Senior Spotlight: Grace Roslovic

Where are you from?

I was born and raised in Columbus, Ohio.

What is your background in music?

I started playing violin at age 3 through the Suzuki method. In high school, I got to travel to different cities with my violin group to perform in Italy and Peru. During those trips, I saw how important music was to many different cultures, and while we may not have known the same languages, all violin students were able to perform the same repertoire we all had learned. From that experience, I knew I wanted to do something in music, but wasn’t sure how until I interned at CD102.5, a locally owned alt-rock station in high school. I didn’t want to be a performer, so being behind the scenes was the next best thing.

Why did you decide to come to NYU?

It’s funny, according to my mom I started telling people I wanted to go to NYU in middle school, although I have no recollection of this. I visited 15+ campuses and it was only at NYU did I feel like I was at home. It sounds so corny but from the time I got to campus as I student, I felt that there was no other place that I could go that I would love more than NYU. I knew coming here would challenge me in every possible way, and I couldn’t pass up that opportunity.

Who are some of your favorite musical artists?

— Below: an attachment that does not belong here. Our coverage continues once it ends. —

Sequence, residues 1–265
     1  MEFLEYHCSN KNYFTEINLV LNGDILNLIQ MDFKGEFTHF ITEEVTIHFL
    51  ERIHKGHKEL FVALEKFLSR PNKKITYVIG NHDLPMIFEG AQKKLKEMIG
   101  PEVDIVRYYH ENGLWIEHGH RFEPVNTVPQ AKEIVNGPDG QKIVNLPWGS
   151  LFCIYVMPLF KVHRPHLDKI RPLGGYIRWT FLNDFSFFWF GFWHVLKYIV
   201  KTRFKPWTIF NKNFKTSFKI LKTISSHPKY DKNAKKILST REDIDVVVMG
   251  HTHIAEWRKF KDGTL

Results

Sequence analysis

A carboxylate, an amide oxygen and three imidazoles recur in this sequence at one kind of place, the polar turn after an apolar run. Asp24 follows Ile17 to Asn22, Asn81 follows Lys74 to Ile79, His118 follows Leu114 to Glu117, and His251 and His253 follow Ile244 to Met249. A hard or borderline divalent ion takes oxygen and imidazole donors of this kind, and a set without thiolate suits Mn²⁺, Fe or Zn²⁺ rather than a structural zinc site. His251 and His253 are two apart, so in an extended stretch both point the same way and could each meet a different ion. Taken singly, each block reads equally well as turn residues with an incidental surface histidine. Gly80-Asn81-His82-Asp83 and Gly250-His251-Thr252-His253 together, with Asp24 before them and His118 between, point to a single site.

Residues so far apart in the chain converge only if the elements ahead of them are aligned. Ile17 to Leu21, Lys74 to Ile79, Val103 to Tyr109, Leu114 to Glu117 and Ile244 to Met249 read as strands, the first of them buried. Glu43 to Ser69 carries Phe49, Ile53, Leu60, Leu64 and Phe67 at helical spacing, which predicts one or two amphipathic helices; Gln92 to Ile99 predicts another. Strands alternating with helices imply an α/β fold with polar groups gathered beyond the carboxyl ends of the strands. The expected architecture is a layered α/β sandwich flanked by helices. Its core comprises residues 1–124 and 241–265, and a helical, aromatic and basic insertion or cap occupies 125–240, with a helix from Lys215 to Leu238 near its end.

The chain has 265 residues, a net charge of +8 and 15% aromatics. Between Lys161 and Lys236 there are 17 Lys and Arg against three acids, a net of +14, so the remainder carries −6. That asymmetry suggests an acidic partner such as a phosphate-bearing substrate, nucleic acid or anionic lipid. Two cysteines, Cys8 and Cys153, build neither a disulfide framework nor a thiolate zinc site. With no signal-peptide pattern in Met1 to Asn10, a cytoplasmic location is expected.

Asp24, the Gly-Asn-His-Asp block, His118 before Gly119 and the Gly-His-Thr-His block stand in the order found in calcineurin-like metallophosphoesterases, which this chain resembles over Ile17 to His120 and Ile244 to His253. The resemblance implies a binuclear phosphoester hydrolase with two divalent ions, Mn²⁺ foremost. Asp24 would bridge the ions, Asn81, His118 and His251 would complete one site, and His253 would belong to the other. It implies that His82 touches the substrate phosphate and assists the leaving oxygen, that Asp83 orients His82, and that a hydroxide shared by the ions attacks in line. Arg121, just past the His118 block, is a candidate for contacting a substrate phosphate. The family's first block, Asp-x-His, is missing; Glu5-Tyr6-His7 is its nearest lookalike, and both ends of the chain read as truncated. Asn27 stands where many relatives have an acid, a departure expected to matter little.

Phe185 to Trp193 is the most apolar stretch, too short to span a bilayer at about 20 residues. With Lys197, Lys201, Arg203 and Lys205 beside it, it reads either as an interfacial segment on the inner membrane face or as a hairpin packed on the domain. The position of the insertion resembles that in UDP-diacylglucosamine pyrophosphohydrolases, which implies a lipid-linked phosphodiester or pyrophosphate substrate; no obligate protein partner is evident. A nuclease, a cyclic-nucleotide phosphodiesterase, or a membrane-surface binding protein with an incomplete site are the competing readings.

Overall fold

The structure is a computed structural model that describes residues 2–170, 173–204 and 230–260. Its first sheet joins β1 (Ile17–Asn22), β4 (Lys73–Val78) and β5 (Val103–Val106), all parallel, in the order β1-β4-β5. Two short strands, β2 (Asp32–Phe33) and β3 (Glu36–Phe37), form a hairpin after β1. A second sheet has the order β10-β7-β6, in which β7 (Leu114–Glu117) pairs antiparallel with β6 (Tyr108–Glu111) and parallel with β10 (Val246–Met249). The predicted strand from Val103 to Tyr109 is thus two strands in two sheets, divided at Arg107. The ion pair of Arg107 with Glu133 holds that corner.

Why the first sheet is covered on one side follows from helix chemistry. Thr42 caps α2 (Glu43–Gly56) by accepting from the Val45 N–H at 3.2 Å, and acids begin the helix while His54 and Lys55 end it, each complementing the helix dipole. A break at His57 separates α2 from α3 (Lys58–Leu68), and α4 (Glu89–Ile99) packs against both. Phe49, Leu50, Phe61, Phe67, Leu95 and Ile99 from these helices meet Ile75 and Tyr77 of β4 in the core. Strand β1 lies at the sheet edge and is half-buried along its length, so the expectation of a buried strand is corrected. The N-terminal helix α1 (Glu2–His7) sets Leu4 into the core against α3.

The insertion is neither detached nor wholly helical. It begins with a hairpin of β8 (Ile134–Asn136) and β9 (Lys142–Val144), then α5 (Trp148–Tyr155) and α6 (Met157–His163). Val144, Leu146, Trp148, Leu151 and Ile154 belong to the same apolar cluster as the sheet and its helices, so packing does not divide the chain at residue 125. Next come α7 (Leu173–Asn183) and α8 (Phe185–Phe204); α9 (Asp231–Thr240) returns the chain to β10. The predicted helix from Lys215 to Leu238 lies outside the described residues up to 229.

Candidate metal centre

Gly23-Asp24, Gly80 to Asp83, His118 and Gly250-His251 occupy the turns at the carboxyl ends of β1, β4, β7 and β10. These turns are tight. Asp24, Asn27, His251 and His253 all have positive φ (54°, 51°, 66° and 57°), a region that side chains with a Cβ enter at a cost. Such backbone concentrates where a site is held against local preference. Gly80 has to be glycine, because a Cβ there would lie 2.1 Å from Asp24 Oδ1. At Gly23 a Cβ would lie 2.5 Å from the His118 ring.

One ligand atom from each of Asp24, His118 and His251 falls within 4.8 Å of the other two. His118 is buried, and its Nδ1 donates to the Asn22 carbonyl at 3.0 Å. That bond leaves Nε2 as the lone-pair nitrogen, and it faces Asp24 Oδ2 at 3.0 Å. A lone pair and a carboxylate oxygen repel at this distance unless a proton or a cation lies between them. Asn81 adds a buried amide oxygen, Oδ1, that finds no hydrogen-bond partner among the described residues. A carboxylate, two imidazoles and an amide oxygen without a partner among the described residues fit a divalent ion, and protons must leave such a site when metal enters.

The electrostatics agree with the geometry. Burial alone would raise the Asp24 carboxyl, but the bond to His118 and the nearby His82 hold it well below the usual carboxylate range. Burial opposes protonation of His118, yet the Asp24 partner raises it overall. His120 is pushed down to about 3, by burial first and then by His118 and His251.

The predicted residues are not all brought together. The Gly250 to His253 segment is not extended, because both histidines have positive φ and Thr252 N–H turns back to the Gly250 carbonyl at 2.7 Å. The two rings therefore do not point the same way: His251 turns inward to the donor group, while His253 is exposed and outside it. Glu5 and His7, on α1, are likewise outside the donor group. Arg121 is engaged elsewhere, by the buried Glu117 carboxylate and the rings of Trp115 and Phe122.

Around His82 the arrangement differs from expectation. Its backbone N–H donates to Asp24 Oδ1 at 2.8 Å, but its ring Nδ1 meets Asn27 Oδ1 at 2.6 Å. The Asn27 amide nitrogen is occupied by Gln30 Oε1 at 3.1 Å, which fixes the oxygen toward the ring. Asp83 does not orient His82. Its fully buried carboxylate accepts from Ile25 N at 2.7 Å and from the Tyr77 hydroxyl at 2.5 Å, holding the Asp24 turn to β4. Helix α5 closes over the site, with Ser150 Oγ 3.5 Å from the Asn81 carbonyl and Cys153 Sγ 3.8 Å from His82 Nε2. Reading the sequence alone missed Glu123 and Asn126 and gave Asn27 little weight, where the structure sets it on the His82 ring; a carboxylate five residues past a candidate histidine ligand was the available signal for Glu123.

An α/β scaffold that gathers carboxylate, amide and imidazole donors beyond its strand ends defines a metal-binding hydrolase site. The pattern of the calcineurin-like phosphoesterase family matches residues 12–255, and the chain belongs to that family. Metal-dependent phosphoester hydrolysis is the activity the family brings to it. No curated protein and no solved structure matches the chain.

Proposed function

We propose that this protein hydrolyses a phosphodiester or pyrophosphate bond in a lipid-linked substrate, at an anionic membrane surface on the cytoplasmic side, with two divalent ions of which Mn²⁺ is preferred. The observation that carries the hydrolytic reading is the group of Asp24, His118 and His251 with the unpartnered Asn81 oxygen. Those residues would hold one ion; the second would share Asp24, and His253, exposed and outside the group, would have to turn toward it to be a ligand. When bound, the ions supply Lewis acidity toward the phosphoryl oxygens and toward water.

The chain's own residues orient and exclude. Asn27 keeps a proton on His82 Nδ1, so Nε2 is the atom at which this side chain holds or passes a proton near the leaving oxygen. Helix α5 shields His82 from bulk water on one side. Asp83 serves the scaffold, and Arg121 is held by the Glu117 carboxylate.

Oh man, this is a hard one. It has and will always change. My all time favorite album is My Beautiful Dark Twisted Fantasy by Kanye West. Besides that, I have been listening to a lot of Melanie Martinez, Kacey Musgraves, Adele, Drake, and Nas.

Do you have any musical guilty pleasures?

I absolutely love Fat Joe. Ever since Middle School, I have no idea why. He peaked too early and he needs to make a comeback.

What have been some of your favorite music business classes/professors in your time here?

I am actually really enjoying my Entrepreneurship class this semester. I am learning so much about starting a business from the ground up, and am applying a combination of all of the skills I have attained from other classes. I think it is one that has really challenged my understanding of businesses and will be some experiences that I will carry with me forever.

Have you had any really cool music-related moments in New York?

A ton! In really strange, unexpected ways, though. My Freshman year I actually worked for the Strokes’ manager and had no idea for the first few weeks, until Julian Casablancas walked into the office and shook my hand. I was completely caught off guard. Up to that point, no one ever talked about the Strokes directly, so I didn’t have any idea what I was getting myself into. I found the internship randomly on Wasserman and it turned out to be one of my most memorable and favorite experiences in college.

What was your best Internship?

I was the first undergraduate recipient for the Freddie Bienstock Scholarship and Internship the summer after my Junior year. I got to actually read through AC/DC and Frank Sinatra copyright contracts, conduct due diligence on potential catalog acquisitions, and learn about how music licensing prices are made. I had learned all about this in my classes, but this time I got to actually take what I knew and contribute to the company.